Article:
A recent publication by the Independent Commission for the Reform of International Corporate Taxation is calling on taxing authorities to increase tax enforcement for the illegal use of tax havens. The authors of the publication state that the move will result in increased tax revenue that can then be used to help fund public service workers and other essential employees that play a vital role helping keep the country running during the pandemic.
Cruise lines as an example: Should we tax instead of provide aid?
The publication provides the example of cruise lines to elaborate their point. The group notes that most cruise lines are located out of a tax haven, like Panama, to reduce tax obligations. Yet, the group notes these businesses are now seeking federal tax aid. Instead of providing this relief, the group is calling on federal taxing authorities to agree to a minimum effective corporate tax rate of 25% and mandated country-by-country reporting.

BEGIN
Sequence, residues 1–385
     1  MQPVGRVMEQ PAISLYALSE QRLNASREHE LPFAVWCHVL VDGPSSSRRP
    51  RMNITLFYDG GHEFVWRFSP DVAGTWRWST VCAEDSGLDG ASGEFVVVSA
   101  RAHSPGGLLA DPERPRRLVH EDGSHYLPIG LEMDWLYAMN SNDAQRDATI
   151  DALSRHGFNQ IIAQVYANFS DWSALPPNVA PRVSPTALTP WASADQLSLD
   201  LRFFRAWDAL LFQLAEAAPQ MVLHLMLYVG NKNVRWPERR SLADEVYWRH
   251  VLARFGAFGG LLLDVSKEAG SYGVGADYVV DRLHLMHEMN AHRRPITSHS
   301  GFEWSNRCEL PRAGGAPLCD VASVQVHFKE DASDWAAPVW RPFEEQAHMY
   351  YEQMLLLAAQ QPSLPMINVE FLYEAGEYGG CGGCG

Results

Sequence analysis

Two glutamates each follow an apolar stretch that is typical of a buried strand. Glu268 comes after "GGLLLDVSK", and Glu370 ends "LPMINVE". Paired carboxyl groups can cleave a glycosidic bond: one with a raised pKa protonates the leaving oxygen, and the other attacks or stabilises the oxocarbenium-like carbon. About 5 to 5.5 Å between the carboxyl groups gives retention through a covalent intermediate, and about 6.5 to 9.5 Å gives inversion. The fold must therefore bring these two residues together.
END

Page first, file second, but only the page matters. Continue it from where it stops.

Will the U.S. implement these measures?
Although the publication provides some points to discuss, it is unlike the U.S. will implement these measures in the near future. However, the government has discussed various approaches to address corporate tax rates during the pandemic. One of the most recent discussions involves consideration of cutting the corporate tax rates for companies that are currently operating abroad but bring their operations back within the United States.
What does this mean for U.S. businesses?
Those who have a corporate business structure are wise to keep abreast of tax law changes. Those who are concerned their business practices may run afoul of applicable tax law are wise to seek legal counsel to better ensure compliance and mitigate the risk of allegations of wrongdoing.